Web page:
Proposed widening of Connecticut Route 10, a busy road through the towns just north of New Haven, poses potential impacts to a series of industrial remains that lie just east of the highway right-of-way in the Mount Carmel section of Hamden. Stone-lined water channels, a breached concrete and rubble dam, a small stone-arch bridge, and several rubble walls were found in the woods just down the slope from the highway embankment in an area overseen by the Connecticut Department of Environmental Protection. The State Historic Preservation Office (SHPO) reviewed the project area and determined, in consultation with the Hamden Municipal Historian, that there is archaeological evidence for the Mount Carmel Axle Works and the Brockett Spring Factory within the general project area. The SHPO recommended that a professional reconnaissance survey be undertaken to identify and evaluate the archaeological resources exisiting withing the project limits.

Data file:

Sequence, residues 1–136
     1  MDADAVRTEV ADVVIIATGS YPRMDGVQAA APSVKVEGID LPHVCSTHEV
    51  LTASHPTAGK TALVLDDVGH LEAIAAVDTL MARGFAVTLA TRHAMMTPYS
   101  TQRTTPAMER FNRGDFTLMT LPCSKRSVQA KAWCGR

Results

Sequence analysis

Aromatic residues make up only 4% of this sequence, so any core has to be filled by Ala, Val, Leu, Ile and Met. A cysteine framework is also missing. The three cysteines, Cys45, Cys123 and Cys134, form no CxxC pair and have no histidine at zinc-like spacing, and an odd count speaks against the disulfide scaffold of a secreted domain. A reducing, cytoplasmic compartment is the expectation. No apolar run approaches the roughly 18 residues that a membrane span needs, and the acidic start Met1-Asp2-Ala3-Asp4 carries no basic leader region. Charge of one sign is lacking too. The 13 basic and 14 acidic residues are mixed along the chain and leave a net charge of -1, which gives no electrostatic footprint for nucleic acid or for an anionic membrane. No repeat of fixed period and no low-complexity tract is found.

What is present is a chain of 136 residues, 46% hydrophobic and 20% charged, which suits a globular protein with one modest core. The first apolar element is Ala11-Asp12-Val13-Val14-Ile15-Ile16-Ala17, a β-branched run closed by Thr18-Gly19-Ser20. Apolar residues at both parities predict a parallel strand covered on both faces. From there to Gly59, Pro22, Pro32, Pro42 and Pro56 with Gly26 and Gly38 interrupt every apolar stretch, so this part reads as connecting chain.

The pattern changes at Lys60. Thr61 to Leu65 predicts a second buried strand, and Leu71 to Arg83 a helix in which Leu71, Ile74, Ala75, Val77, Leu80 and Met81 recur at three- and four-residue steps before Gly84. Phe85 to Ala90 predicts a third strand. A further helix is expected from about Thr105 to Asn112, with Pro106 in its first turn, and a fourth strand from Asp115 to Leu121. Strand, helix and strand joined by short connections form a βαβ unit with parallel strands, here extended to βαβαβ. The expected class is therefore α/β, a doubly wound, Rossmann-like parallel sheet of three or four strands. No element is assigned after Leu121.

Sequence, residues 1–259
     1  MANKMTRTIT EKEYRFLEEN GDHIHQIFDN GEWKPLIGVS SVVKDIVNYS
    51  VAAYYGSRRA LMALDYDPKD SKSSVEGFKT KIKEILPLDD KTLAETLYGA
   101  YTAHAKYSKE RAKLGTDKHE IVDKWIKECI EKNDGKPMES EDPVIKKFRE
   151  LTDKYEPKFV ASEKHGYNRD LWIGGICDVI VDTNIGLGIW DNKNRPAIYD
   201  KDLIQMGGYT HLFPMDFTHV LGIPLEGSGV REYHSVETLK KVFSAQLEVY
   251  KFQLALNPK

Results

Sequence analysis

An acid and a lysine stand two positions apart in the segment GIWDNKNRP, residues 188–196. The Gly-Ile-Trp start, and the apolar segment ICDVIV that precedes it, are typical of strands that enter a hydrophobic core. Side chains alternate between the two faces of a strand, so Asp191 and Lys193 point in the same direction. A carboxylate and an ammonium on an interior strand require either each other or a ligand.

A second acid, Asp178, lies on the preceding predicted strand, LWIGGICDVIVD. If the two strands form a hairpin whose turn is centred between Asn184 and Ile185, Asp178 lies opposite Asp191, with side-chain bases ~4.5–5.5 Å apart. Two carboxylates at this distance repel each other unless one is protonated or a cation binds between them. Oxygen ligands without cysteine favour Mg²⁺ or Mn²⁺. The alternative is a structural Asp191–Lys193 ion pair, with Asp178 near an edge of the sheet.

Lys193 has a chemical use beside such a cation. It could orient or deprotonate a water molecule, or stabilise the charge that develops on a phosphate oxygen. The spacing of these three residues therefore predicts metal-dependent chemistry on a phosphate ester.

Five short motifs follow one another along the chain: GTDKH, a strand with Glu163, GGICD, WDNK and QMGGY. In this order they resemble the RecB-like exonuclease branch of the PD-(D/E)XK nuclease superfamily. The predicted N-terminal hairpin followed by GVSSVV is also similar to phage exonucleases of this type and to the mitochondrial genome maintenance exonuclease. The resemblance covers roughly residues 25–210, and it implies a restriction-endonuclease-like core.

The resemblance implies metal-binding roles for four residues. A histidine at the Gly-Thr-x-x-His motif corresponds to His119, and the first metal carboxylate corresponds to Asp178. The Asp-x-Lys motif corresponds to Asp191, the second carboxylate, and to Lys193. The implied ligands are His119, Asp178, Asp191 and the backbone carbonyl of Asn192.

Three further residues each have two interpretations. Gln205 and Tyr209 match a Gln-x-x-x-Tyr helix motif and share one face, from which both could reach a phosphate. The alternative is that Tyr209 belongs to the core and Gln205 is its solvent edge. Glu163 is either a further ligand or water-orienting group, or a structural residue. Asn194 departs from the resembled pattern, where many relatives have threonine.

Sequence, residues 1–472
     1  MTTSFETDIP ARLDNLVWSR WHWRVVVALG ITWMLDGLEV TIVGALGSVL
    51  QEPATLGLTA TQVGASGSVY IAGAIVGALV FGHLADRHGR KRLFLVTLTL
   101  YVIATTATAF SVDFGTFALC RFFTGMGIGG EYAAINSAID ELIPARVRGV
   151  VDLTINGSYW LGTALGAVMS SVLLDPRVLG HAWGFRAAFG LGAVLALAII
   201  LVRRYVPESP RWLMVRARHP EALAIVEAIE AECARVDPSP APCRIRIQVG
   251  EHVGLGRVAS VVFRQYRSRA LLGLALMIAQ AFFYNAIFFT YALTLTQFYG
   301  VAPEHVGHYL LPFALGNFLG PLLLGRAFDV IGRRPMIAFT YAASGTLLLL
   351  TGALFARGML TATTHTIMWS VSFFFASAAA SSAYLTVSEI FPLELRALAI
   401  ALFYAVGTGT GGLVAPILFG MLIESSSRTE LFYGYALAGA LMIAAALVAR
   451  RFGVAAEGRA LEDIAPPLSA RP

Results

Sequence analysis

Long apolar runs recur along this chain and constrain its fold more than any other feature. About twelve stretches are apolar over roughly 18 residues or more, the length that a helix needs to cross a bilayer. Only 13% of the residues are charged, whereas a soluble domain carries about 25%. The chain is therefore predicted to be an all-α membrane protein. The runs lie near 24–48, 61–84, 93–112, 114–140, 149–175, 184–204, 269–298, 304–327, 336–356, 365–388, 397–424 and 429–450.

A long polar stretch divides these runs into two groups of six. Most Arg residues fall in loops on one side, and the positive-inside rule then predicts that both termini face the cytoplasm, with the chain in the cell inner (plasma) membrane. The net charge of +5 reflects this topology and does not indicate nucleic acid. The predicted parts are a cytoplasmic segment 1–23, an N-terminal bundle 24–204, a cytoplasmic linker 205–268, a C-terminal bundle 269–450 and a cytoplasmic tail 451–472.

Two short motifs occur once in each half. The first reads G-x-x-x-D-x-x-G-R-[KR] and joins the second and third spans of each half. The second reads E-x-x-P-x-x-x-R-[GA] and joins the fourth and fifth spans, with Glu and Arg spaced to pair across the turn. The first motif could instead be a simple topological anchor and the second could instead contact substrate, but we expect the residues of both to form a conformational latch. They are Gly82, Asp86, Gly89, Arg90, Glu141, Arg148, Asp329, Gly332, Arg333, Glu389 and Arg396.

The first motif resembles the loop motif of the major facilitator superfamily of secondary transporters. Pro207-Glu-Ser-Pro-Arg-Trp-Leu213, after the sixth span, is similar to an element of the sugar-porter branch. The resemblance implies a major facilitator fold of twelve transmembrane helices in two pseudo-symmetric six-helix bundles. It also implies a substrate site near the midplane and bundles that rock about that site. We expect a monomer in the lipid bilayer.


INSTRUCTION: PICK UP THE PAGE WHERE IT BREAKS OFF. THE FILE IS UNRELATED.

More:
The Public Archaeology Survey Team, Inc. (PAST) conducted a Phase I archaeological reconnaissance survey in April 2000. Because of the carriage-parts industry's importance to the economic history of Hamden, PAST recommended that the archaeological resources that remain should be considered as eligible for listing in the National Register of Historic Places. PAST also recommended that steps be taken to minimize any intrusion upon the site or damage to the standing ruins during road construction. The Connecticut Department of Transportation, in consultation with the SHPO, has agreed to a design for the road that will confine the imporvements to the existing highway right-of-way. PAST's documentation of this site formed the basis for its designation as one of Connecticut's first State Archaeological Preserves.